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The Many Meanings of 'Because Of': A Comment on Inclusive Communities Project

Abstract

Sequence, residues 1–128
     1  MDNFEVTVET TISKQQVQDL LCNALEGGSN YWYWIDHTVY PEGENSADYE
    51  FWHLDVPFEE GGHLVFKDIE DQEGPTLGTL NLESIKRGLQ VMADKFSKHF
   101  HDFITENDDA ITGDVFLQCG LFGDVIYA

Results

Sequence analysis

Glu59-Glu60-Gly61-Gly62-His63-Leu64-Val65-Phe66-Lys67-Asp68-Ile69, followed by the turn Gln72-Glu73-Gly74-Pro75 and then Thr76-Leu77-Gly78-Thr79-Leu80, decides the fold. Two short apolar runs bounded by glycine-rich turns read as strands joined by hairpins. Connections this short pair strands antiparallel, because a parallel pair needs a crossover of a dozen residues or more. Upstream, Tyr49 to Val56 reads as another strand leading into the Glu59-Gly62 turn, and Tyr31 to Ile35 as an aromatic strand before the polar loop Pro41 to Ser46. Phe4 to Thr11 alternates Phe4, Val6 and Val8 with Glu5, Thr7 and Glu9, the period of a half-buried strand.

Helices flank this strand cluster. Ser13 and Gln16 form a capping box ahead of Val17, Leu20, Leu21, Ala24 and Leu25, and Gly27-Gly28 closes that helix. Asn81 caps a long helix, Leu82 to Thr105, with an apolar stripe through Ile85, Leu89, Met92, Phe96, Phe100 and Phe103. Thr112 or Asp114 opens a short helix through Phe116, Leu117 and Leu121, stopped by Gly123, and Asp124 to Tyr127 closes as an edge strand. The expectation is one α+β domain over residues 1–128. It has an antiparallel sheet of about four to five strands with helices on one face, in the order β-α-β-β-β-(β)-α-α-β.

This brief essay critically analyzes the role of causation in the Supreme Court’s recent Inclusive Communities Project decision. The Court held disparate impact claims cognizable under the Fair Housing Act, but two powerful dissents objected that the statute’s “because of race” language could reach only disparate treatment. The majority offered no competing account of this language, which recurs throughout antidiscrimination statutes. This, in microcosm, is antidiscrimination jurisprudence today. The Court’s most conservative wing has a clear, narrow conception sharply limited by discriminatory intent; the more liberal Justices chafe at those limits but offer no systematic alternative. This essay supplies a simple interpretation of “because of race,” emphasizing causation over motivation. This account not only defeats the dissents’ objections but also points the way toward a comprehensive antidiscrimination theory that displaces discriminatory intent, no matter how broadly construed.

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